Thursday, May 1, 2014

Philippine Air Force F/A-50 "Fighting Eagle" will be capable of conducting maritime strike missions

Manila, Philippines--Department of National Defense (DND) Undersecretary Patrick Velez confirmed during the signing ceremony of the P18.9 billion F/A-50 contract Friday(March 28), that the F/A-50 "Fighting Eagle" role will not only to protect the country's airspace against hostile intruding aircraft but also to attack unwanted targets (e.g. ships) at high seas.

Usec Velez said that the F/A-50 can be configured to have the capability to do maritime strike missions by installation of anti-ships missiles, stand-off weapons, and sensors which the aircraft have in provisions.

The F/A-50's wing tip rails can accomodate AIM-9 "Sidewinder" air-to-air missile while internally behind the cockpit houses its three-barrelled cannon version of the M-61 Vulcan which fires linkless 20 mm ammunition.

The light combat aircraft is also compatible to air-to-surface weapons including the AGM-65 "Maverick" missile, Hydra 70 and LOGIR rocket launchers, CBU-58 and Mk-20 cluster bombs, and Mk-82, −83, and 84 general purpose bombs, Velez said.

Samsung Thales (STC) formally announced the development an AESA radar for FA-50 to compete with LIG Nex1's AESA radar model (photo : SamsungThales)
DND Undersecretary Velez also revealed that they are also planning to install equipment that would give the F/A-50 "Fighting Eagle" a "beyond visual range" (BVR) capability to make the F/A-50 a much more capable aircraft in defending the country's airspace.

BVR is the capability to detect, track and if needed attack air targets beyond 20 nautical miles (around 37 kilometers).

According to Velez, due to the equipment's cost which is estimated to range from P800 million to P1 billion per BVR fitting, not all 12 aircraft will be fitted.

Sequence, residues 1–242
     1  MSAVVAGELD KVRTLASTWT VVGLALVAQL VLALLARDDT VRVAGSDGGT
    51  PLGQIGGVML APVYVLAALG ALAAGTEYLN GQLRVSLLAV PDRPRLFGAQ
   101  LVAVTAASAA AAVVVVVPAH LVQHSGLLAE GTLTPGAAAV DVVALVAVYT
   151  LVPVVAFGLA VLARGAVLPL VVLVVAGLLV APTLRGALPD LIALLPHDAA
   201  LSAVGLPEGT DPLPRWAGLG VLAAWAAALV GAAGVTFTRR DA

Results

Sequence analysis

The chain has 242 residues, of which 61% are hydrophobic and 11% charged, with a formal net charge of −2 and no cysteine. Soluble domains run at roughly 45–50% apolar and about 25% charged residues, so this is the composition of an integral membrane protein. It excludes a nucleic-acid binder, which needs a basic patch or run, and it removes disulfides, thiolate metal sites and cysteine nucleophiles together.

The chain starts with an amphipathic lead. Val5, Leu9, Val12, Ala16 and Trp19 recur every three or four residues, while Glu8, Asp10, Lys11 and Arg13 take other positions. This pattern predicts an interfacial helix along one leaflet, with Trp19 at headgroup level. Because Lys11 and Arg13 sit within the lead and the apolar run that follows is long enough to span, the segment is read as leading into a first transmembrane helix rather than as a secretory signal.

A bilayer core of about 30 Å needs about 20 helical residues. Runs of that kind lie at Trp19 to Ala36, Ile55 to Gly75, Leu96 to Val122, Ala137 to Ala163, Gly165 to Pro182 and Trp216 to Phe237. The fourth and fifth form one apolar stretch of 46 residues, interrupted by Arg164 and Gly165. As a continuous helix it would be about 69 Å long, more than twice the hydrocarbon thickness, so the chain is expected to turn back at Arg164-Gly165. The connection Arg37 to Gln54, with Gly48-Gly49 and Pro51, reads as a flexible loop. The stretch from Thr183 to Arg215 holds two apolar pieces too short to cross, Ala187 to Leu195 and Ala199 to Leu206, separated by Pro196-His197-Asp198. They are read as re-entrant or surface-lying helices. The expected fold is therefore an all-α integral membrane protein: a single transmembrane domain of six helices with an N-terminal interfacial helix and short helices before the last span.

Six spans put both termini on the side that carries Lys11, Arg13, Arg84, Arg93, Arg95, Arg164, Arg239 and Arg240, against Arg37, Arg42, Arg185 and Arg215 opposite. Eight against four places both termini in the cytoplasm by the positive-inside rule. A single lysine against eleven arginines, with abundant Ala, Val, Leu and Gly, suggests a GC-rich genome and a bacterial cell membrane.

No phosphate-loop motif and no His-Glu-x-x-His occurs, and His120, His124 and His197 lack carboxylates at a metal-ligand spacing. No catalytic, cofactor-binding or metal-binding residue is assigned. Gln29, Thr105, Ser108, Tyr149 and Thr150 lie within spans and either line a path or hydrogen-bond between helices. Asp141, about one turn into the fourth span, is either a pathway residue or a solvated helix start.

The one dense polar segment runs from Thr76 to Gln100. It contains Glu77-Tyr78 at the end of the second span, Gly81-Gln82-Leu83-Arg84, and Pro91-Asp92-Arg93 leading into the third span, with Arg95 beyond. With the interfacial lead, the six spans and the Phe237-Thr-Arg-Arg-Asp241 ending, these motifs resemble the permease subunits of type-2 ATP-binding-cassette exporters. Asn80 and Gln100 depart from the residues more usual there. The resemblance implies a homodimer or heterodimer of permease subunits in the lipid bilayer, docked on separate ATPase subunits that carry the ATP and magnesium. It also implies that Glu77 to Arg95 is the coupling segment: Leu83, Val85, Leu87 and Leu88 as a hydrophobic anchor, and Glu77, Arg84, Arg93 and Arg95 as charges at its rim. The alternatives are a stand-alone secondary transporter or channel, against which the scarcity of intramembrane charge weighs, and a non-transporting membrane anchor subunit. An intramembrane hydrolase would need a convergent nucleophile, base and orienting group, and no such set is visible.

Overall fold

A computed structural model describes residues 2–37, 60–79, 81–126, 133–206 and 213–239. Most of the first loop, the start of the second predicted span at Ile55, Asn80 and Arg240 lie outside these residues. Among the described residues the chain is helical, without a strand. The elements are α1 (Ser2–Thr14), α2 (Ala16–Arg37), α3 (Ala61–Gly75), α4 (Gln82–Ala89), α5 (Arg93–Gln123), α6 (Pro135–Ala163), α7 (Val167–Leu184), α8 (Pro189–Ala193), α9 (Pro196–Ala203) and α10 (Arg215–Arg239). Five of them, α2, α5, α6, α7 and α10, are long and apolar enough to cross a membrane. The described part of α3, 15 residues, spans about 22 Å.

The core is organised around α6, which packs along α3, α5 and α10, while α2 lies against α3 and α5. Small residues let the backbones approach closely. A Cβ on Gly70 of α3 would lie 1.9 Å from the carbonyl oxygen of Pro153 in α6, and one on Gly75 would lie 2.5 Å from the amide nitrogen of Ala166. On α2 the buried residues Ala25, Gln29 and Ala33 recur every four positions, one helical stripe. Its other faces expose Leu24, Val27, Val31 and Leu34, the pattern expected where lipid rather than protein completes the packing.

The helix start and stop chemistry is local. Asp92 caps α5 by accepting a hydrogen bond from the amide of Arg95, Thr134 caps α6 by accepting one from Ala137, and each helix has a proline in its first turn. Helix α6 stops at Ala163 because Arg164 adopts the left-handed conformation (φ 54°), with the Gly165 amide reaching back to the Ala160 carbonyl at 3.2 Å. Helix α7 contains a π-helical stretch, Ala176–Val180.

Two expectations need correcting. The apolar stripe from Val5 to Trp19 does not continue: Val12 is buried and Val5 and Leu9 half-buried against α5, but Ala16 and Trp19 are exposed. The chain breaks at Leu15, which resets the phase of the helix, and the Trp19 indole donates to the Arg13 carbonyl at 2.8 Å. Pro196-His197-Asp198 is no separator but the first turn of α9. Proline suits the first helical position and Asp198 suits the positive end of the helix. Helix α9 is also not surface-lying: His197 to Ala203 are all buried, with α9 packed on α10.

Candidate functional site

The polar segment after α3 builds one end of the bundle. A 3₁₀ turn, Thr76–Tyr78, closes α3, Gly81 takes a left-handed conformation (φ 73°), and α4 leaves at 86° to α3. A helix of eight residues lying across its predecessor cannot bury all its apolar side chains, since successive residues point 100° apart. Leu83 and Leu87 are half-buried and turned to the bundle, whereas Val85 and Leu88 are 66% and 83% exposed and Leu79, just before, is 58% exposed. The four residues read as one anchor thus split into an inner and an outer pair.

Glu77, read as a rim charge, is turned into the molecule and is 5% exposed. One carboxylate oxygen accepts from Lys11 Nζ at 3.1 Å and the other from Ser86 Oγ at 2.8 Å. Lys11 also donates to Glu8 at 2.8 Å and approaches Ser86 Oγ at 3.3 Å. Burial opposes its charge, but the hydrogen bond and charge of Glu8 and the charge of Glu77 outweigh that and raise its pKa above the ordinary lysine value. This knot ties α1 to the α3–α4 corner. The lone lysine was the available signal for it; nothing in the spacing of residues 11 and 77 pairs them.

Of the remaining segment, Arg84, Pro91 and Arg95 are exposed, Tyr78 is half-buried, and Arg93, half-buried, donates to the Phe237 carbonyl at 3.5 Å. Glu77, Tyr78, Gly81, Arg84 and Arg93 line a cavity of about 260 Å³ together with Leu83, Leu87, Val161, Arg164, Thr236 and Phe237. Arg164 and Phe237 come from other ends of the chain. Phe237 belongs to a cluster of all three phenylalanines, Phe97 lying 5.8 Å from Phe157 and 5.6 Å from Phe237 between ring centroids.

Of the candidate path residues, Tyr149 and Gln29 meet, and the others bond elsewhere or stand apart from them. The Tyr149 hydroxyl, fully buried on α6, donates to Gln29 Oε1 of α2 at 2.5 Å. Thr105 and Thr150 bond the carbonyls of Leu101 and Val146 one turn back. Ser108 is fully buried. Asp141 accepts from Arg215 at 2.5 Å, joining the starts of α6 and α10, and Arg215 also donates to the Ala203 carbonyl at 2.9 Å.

"We are looking at the possible installation for three to four aircraft to provide us with a long range intercept capability," Velez said.

He also added that installing BVR capability to the F/A-50s is relatively simple as the aircraft is already fitted with a decent air-to-air radar. Adjusting it to BVR standards would just mean upgrading the radar to be capable of detection at much longer range and fitting of BVR weapons like the Raytheon AIM-7 "Sparrow" missile.

AFP Chief-of-Staff Emmanuel Bautista looks at a miniature model of an FA-50 fighter jet after the signing of an agreement between the Department of National Defense and Korea Aerospace Industries on Friday. The deal involves around US$528 million worth of military aircraft and support services.
(photo : ABS-CBN News)
The Philippines and Korea Aerospace Industries Ltd. signed the P18.9-billion contract for the acquisition of the 12 aircraft last Friday(March 28).

DND Undersecretary Fernando Manalo said that the first two F/A-50 jet aircraft will be delivered 18 months after the opening of the letter of credit; the next two will be delivered 12 months later, and the remaining eight jet planes in staggered basis within eight months.

F/A-50 has a top speed of Mach 1.5 or one-and-a-half times the speed of sound and is capable of being fitted with air-to-air missiles, including the AIM-9 "Sidewinder" air-to-air and heat-seeking missiles aside from light automatic cannons.

The F/A-50 will act as the country's interim fighter until the Philippines get enough experience of operating fast jet assets and money to fund the acquisition of more capable fighter aircraft.

The aircraft's design is largely derived from the F-16 "Fighting Falcon" and they have many similarities: use of a single engine, speed, size, cost, and the range of weapons.

The aircraft can carry two pilots seating in tandem. The high-mounted canopy developed by Hankuk Fiber is applied with stretched acrylic, providing the pilots with good visibility, and has been tested to offer the canopy with ballistic protection against four-pound objects impacting at 400 knots.

The altitude limit is 14,600 meters (48,000 feet), and the airframe is designed to last 8,000 hours of service.

There are seven internal fuel tanks with capacity of 2,655 liters (701 US gallons) -- five in the fuselage and two in the wings.

An additional 1,710 liters (452 US gallons) of fuel can be carried in the three external fuel tanks.

Trainer variants have a paint scheme of white and red, and aerobatic variants white, black, and yellow.

The F/A-50 "Fighting Eagle" uses a single General Electric F404-102 turbofan engine license-produced by Samsung Techwin, upgraded with a full authority digital engine control system jointly developed by General Electric and KAI.

The engine consists of three-staged fans, seven axial stage arrangement, and an after-burner.

The aircraft has a maximum speed of Mach 1.4-1.5.

Its engine produces a maximum of 78.7 kN (17,700 lbf) of thrust with after-burner.

(with: PNA)

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